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Back in the Paleozoic era, when I was a kid, one of my favorite pastimes was playing with a Brio wooden train set. I spread the tracks all over the living room floor, much to the consternation of a very tolerant mom.

Now that I’m the grandfather of a 3-year old who also loves wooden trains—especially Thomas the Tank Engine—I’ve built a play table based on a Brio design. It reigns in the play area and allows the 3-year old to stand, and me to kneel, while indulging our train fantasies. Of course, the table can also be used for Legos or blocks or anything kids like to assemble and knock down—its high sides prevent loose pieces from scattering over the house.

I’ve designed the table to be easy to take apart and put together. All of the pieces form a neat bundle for storing in a closet or shipping to kids that may live far away.

The best material for making the table is 3/4″ Baltic birch plywood. Having 13 plies, it’s extremely durable. Baltic birch comes in 5×5 sheets; other similar multi-ply products that would do just as well come in 4×8 sheets. To build the table, you’ll need one 5×5 sheet or half of a 4×8 sheet.

Fig. 01. Exploded View

Fig. 02. Leg Pattern and Groove Layout

Fig. 03. Plywood Cutting Diagram

Fig. 04. Drilling Jig

Fig. 05. Ledger Detail

Cutting List

Play Table

Overall dimensions: 16″ H x 49-1/4″ W x 33″ D





Th x W x L




Baltic Birch plywood

3/4″ x 16″ x 48″




Baltic Birch plywood

3/4″ x 16″ x 33″


Side ledger


Baltic Birch plywood

3/4″ x 3/4″ x 15-5/8″


End ledger


Baltic Birch plywood

3/4″ x 3/4″ x 14-1/2″




Steel angle iron

1″ x 1″ x 30-1/2″





1/2″ x 15-5/16″ x 47-3/4″

Photo 1. Make a template from thin plywood or MDF. You can draw this large curve by tracing around a coffee can. Tape sandpaper around the can and rotate it to make the template smooth.

Before you cut into the plywood, make a template for one of the table’s legs (Fig. 02). Use 1/4″ MDF, hardboard or plywood—MDF is best because it’s very easy to shape and sand smooth (Photo 1). Make the template at least 30″ long, so it will overlap the center of the table’s longest sides. Cut the template’s straight sections on the tablesaw to ensure that they’re square. Cut the curved portions using a jigsaw or bandsaw, then sand them to remove any lumps or divots.

Use the template to lay out the table’s sides (A) and ends (B) on your plywood (Fig. 03). Cut the plywood into two 24″ x 48″ pieces, so they’re easy to manage, then cut out the ends and sides. Stay about 1/16″ to 1/8″ away from the line, so the pieces are oversize. I used a jigsaw first, but the plywood tore out quite a lot. I got much better results when I switched to a bandsaw with a 1/4″ blade.

Photo 2. Trace around the template, using a router with a top-bearing pattern bit, to shape each side of the table. Always push the router counterclockwise.

Clamp the template to each piece and use it as a guide for your router, using a top-bearing pattern bit (Photo 2). When you’re done with all the pieces, use a 1/8″ roundover bit with a bearing to soften every exposed edge.

Photo 3. Saw dadoes down the length of the table’s sides and ends. These dadoes will receive the ledger strips that support the table’s platform.

Next, set up a dado set to make a groove that fits the plywood’s thickness. Your plywood will probably be a little less than 3/4″ thick, so you’ll have to use shims to make a groove that’s the correct width. Cut 1/8″ deep grooves down the length of all four side and end pieces (Photo 3). Set aside the side pieces, then cut vertical grooves down both legs of the end pieces. All of these grooves help align the parts when you assemble the table.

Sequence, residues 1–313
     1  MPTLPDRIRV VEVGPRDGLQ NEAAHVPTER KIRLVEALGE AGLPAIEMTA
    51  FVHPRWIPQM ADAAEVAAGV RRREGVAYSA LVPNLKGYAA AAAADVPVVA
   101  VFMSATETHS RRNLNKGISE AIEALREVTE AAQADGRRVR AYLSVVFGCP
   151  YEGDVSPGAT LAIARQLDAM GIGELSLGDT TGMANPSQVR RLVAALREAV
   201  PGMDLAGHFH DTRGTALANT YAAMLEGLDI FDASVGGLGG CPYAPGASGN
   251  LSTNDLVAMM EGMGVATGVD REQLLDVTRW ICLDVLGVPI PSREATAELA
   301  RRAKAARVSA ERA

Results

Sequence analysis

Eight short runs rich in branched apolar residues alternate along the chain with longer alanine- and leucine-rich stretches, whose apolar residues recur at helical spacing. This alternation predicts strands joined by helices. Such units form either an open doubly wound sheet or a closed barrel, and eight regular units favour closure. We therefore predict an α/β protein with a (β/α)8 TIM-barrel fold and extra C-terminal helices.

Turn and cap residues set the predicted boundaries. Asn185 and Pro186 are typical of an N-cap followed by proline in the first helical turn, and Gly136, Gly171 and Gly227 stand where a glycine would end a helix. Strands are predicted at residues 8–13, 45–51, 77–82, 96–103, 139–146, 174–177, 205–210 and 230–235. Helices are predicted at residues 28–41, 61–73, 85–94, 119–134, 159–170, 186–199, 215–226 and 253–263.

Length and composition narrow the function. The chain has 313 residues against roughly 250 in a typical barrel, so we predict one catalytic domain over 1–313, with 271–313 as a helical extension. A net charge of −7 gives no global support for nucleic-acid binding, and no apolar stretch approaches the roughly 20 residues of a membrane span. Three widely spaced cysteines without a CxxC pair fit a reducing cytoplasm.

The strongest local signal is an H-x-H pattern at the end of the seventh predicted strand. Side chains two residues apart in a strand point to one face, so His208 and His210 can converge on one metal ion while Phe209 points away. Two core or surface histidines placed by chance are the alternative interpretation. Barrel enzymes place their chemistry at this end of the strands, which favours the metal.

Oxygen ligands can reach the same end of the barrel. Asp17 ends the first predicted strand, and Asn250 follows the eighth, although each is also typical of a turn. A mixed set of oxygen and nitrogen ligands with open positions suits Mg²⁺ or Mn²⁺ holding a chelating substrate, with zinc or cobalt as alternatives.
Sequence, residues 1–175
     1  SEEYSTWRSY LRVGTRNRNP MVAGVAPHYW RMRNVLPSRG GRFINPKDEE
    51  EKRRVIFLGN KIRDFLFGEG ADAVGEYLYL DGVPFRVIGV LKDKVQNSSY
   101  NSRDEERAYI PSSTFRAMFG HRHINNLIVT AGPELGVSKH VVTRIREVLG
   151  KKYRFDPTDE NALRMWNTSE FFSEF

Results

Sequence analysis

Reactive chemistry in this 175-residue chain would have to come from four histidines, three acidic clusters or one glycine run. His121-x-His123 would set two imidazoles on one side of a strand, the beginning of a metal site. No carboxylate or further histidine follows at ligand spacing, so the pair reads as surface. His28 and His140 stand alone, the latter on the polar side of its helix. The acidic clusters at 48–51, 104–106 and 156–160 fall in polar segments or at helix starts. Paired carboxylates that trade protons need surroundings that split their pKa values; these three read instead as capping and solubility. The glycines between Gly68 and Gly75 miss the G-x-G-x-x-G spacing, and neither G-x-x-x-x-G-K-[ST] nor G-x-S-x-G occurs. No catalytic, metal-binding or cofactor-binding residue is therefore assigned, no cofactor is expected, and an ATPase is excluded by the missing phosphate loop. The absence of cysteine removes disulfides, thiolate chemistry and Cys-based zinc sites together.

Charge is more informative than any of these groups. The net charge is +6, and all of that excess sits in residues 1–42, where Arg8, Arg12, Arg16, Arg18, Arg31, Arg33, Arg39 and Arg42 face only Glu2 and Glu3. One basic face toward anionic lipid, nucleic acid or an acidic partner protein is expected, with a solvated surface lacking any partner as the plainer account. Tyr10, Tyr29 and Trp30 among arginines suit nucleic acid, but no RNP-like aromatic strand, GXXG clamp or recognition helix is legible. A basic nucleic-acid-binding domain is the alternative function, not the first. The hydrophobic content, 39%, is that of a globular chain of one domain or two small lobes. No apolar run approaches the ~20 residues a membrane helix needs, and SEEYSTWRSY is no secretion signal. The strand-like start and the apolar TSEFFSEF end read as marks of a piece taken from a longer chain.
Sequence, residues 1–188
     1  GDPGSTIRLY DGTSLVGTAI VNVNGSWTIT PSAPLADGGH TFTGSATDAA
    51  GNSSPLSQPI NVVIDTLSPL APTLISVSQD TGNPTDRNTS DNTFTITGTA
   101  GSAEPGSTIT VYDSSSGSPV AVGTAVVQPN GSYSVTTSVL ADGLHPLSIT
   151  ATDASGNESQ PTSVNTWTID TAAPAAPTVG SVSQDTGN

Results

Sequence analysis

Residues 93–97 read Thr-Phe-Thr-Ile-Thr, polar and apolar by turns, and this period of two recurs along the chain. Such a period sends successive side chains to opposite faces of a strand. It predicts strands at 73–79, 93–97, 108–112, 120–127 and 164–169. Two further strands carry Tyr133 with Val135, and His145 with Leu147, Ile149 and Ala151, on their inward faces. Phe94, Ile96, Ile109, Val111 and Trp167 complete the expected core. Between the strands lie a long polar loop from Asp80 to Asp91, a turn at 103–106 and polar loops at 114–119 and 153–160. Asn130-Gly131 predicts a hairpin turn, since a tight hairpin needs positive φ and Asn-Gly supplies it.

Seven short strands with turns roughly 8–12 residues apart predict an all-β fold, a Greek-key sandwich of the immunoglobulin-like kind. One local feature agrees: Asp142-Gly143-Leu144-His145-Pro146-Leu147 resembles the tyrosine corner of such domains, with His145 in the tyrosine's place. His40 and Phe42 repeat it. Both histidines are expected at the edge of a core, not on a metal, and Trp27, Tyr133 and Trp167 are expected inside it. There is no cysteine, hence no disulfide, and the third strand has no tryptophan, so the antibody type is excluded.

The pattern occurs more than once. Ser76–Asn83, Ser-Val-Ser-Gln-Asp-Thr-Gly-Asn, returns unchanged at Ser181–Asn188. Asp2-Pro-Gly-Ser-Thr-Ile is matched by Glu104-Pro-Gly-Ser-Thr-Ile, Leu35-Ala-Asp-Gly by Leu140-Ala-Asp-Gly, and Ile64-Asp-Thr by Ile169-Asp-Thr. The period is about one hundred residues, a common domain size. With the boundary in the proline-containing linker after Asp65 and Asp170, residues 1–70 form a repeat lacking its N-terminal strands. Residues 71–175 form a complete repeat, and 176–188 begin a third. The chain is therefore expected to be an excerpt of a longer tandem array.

Photo 4. Glue the ledger strips in the dadoes. Use a spacer to make sure that there’s a 1/8″ gap between the ledgers that go in the table’s long sides.

Cut ledger strips (C and D) to fit into the grooves. Using the dado set, cut notches on both ends of two of the side ledgers (Fig. 05). Glue the ledgers into the grooves (Photo 4). On the side pieces, start with the middle ledgers and make sure they’re precisely centered. Use a 1/8″ spacer to position the outer ledgers.

Photo 5. Drill holes for the screws that will hold the table together. Using this jig ensures that the holes will be plumb and in the right spot.

Drill holes through the end pieces for the screws that will fasten the table together (Photo 5). I built a reversible jig for this job (Fig. 04), but it’s not strictly necessary. Clamp the table together, making sure it’s square, and drill pilot holes into the side pieces (Photo 6). Install the screws.

Photo 6. Fasten the table together. Place the second end piece on top of the sides to hold the table square. The end pieces have dadoes that lock the side pieces in position.

Measure the distance between the side rails, then cut pieces of steel angle iron (E) to fit. Drop the angle iron in the notches between the ledgers (Photo 7). The angle iron makes the table sturdy enough for a bunch of kids to dance on, should playtime get really out of hand!

Photo 7. Install steel angle iron in the gaps between the ledger pieces. The rigidity of the angle iron prevents the platform from sagging.

Cut the platform (F) to fit. I made the platform from two pieces of 1/2″ MDF for more compact storage and connected the pieces with biscuits so they would stay aligned. You could also use 1/4″ hardboard for the platform, but it should be one big piece because it’s too thin to align with biscuits. Take the table apart and finish it with 3 coats of poly.

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